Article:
People hugged their children and grandchildren Tuesday in Santa Ana when 23 people who hadn’t seen their families in at least 10 years flew from Mexico after securing travel visas that they can use for 10 years.
The Santa Ana-based community group, Corazones Unidos De Zumpahuacàn, worked with other organizations in Mexico to get 35 people the 10-year visas. When the group arrived at Los Angeles International Airport Tuesday, 12 people flew to reunite with families in other states including Illinois and Kansas.
In Santa Ana, West Covina resident Hugo Camacho said he hadn’t seen his mother in 17 years. The 38-year-old teared up and grinned as his mother came into the room and the two immediately hugged.
“It’s been a long time — 17 years,” Camacho said. “We’re going to go on vacation next week to different places … first is Las Vegas.” He said he also plans to take his mother, Silvia Primero, to Disneyland during her two-week visit.
Erica Flores, who’s married to Camacho, said they were trying to work with other groups at first, but Corazones Unidos offered the most help. “It’s so nice, what they’re doing for us.”
Because of the undocumented status of many people won’t allow them to travel to Mexico to visit their families and come back, the Corazones Unidos group instead looks to bring family members for visits from Mexico to the U.S. through the visa program.
Corazones Unidos President Jose Merida, a Santa Ana resident, said he started the group roughly one year ago and has helped get 10-year visas for Mexican citizens so they can visit their families here.
Merida, through a translator, said he got the idea when he wanted to hug his parents who he didn’t see for roughly 10 years, but they were living in Mexico. Merida said he visited his mother about five years ago, but that visit caused his naturalization process to restart and he was told he needed to wait 10 years before reapplying for citizenship. He has five years left.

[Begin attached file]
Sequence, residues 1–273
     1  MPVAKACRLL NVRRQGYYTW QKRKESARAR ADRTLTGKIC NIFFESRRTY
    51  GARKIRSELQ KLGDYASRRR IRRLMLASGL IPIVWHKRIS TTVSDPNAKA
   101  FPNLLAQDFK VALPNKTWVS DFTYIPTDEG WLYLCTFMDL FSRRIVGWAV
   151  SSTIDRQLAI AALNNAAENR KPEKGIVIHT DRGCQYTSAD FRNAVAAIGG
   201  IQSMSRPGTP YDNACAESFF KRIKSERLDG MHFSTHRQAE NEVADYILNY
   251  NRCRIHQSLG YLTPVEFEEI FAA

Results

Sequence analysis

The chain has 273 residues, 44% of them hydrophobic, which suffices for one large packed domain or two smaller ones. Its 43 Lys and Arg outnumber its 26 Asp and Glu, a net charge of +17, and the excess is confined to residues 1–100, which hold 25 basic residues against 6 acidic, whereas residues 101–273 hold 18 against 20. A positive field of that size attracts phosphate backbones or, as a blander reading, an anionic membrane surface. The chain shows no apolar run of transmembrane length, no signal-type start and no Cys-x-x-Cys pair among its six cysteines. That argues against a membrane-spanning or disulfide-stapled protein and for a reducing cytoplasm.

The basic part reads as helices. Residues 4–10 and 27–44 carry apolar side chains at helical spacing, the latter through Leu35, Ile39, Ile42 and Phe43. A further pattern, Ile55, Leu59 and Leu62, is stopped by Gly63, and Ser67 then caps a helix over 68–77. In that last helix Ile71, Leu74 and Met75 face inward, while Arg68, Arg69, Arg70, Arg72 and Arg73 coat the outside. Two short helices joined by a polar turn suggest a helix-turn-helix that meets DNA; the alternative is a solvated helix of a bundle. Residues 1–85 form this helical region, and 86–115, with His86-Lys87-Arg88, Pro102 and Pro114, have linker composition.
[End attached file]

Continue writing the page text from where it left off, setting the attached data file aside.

The requirements for the Corazones Unidos program are: the person in Mexico must be at least 60 years old and hasn’t seen their children in 10 years or more, has a passport, identification and no criminal record.
Merida said it’s easier for the all-volunteer organization to secure 10-year visas for people who are 60 or older. He said they file 50 visa applications each time they do a round of a reunions and an average of 35 are approved by U.S. officials. Tuesday marked the fourth round of reunions the group has done and Merida said nearly 200 people have been reunited with their families. The visits typically last for two weeks. He said he plans to do another one in two months.
The families were reunited at the El Centro building near the Civic Center in Santa Ana. El Centro is a community group that does various educational activities for the neighborhood and helps people with their immigration issues.
The senior-age parents sat in the air-conditioned front part of the building, where they shared stories with each other and snacked on sandwiches and fruit while they waited to be called into the large dance room in the back where their families awaited them.
Tears mixed with beads of sweat were on the many faces in the hot, crowded dance room as they embraced parents they haven’t seen for at least 10 years. Many had balloons and flower bouquets to greet their parents. Temperatures climbed to the low 90’s Tuesday and the National Weather Service issued an excessive heat warning until Thursday night.
Elizabeth Campos, a 22-year-old Santa Ana resident, flew to Mexico City and helped the 35 people board their flights and get to LAX.
“It was really sentimental … to witness people who haven’t seen each other in years, decades even,” Campos said. “To not see someone for that long is a crazy concept — especially considering that someone is your child or your parent.”
She said the trip was challenging because the group doesn’t have anybody dedicated full-time to handling the logistics of the trip. Campos said while the group faces challenges because they don’t have a professional staff, the efforts from everyone help make up for it.
Merida said Corazones Unidos pools its money with the families to help pay for flight tickets and document processing. The visa application fee is $160, according to the U.S. Department of State website.
“You see these people busting their asses,” Campos said. “The project was brought to life by the efforts of the people … they have an insane will of wanting to do this.”
Spencer Custodio is a Voice of OC reporter who covers south Orange County and Fullerton. You can reach him at email@example.com. Follow him on Twitter @SpencerCustodio
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